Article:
The khan visits the tsar 

Brian  M Downing 

King Salman of Saudi Arabia visited his counterpart in Russia last week – a further sign that events and alignments move quickly in the world. Such a visit was improbable two years ago when Putin sent his military to Syria against Saudi-backed rebels, and unthinkable thirty years ago when the Saudis and Americans were supporting the mujahideen in Afghanistan. Even today, the meeting goes against the logic of the sectarian conflict in which Russia is closely aligned with Iran.

The Saudis showed their earnest by purchasing the Russia S400 air defense system. The deal came a few months after Riyadh inked an immense arms deal with Washington. Only a few days after the S400 deal, Riyadh bought the American THAAD missile-defense system. What does the meeting between khan and tsar mean for the region and for US foreign policy?


Discussion of the stalemated Syrian civil war surely figured highly in the talks. Moscow and Riyadh have been shoveling large amounts of money into the conflict and would like to cut back. This is a pressing matter as both face soft oil prices and large youth populations.

Certain problems about the civil war must be addressed and solutions will be difficult and probably unstable. Damascus will have to abandon the idea of reconquering the country. Assad once boasted of this goal and Putin responded by withdrawing some of his fighter aircraft.

Sunni regions will be established, and respected, in the north and east. The Free Syrian Army, a Sunni force once backed by the US but now by Turkey, has already established control over parts of northwestern Syria. The US- and Saudi-backed Syrian Democratic Forces will do the same in the northeast and east.

Khan and tsar will have to agree on lines of communication between Iran and its allies in Syria and Lebanon. SDF units were assembling in southeastern Syria over the summer, probably to interdict communication among Shia powers. However, that campaign fizzled, probably because Riyadh rethought the wisdom and finances of a protracted conflict with Iran.

The SDF comprises Kurdish forces as well as Arab ones, and they will likely figure in Saudi policies. The Saudis may ask for similar lines of communications with the Kurds of northeastern Syria and perhaps even those in Iraq.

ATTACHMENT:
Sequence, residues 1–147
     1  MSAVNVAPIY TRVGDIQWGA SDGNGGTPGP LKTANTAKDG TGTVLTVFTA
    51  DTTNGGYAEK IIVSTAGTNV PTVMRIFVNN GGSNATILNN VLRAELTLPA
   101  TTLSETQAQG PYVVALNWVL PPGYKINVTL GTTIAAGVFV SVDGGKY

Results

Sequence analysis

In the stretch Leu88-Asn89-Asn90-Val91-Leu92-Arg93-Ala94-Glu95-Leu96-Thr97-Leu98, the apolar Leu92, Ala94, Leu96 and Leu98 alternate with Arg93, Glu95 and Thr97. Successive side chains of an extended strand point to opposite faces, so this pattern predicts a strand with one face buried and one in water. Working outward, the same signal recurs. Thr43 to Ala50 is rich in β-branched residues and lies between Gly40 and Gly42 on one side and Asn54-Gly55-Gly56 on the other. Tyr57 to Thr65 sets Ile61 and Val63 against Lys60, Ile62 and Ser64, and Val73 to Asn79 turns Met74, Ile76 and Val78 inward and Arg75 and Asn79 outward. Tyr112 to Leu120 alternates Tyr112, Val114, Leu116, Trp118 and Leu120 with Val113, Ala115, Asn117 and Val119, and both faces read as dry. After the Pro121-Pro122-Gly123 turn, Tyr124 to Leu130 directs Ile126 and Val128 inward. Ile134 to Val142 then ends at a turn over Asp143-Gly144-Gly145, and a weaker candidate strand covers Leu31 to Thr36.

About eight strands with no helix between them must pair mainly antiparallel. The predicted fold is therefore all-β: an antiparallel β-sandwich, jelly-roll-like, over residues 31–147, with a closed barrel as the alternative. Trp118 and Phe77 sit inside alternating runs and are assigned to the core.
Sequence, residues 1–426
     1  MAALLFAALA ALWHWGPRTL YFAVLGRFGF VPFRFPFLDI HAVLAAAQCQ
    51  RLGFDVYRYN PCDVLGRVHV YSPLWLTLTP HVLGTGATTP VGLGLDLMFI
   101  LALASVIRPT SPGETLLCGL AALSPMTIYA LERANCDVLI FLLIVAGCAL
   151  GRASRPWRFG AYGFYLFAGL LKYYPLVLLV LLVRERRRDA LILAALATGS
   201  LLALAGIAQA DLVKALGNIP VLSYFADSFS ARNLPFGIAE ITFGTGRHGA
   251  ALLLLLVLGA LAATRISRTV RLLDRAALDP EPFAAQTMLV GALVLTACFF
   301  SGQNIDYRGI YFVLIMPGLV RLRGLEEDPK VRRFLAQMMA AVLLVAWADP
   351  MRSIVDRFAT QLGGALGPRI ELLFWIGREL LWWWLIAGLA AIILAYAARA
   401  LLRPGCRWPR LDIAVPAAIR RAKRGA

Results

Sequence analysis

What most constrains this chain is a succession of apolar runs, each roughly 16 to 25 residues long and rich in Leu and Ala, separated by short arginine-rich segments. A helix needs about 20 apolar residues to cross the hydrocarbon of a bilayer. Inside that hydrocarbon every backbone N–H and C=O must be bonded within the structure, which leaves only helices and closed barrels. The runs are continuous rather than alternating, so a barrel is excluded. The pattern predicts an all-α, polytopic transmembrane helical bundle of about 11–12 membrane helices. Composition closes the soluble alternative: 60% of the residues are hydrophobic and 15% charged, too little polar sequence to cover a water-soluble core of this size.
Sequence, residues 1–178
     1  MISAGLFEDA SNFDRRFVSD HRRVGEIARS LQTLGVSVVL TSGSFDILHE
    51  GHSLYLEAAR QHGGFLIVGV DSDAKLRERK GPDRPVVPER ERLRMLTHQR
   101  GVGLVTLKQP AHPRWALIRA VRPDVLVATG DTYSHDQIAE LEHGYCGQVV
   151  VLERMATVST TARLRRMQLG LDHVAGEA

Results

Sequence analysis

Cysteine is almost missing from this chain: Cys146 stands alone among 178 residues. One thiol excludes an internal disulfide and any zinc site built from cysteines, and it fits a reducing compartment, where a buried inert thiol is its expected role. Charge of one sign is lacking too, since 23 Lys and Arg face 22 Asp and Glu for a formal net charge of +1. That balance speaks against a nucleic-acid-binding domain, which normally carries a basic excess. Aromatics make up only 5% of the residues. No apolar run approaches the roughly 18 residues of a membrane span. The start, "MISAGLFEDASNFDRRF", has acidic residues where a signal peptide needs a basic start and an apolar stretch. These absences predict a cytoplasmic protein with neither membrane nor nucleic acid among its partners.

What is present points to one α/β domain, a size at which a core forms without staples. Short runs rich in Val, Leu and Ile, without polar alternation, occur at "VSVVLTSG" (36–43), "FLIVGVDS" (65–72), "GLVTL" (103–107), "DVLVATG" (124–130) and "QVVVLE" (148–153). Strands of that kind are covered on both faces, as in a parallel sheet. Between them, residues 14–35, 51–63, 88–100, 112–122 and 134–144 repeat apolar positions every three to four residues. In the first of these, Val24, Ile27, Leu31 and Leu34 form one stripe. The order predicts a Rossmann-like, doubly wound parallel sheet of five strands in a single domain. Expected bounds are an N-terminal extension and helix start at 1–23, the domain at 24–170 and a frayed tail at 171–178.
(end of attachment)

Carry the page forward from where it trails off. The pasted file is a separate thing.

Tehran is wary that Riyadh’s diplomacy and attendant arms purchases in Moscow are designed to convince Putin to at least soften support for Iran. This is unlikely. Iran too is an avid buyer of Russian arms, having bought the very same S400 system only a few years ago.

Further, while perfidy isn’t unknown in Russian foreign policy (or that of many other states), the Syrian intervention aimed to underscore Russia’s reliability as an ally in the wake of NATO interventions in Serbia and Libya.

The Saudis will urge Russia to prevail upon Iran to accept partitioning of Syria (perhaps the same in Yemen) and to refrain from supporting insurgency in Shia populations across the Gulf region.

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Four years ago, Russia’s influence in the Middle East was at its nadir. Egypt booted it out in the seventies. Qaddafi was forced out of power in Libya and killed. Syria was on the verge of collapse, endangering the Russian naval base at Tartus. Since then, Russia has seized the Crimea as a base of operations, propped up the Assad government and installed an airbase near Tartus, all but detached Turkey from NATO, and bolstered ties with Iran. Quite a feat.

Russia, having good relations with Iran and now with Saudi Arabia, is positioned to manage tensions in the Gulf. The US played this role from World War Two until the ouster of the shah in 1979. However, by increasing hostilities toward Iran, the US has discarded the possibility of reprising its role as balancer in the Gulf – and opened a door that Vladimir Putin is scurrying toward.

Copyright 2017 Brian M Downing

Brian M Downing is a national security analyst who has written for outlets across the political spectrum. He studied at Georgetown University and the University of Chicago, and did post-graduate work at Harvard’s Center for International Affairs. Thanks to Susan Ganosellis.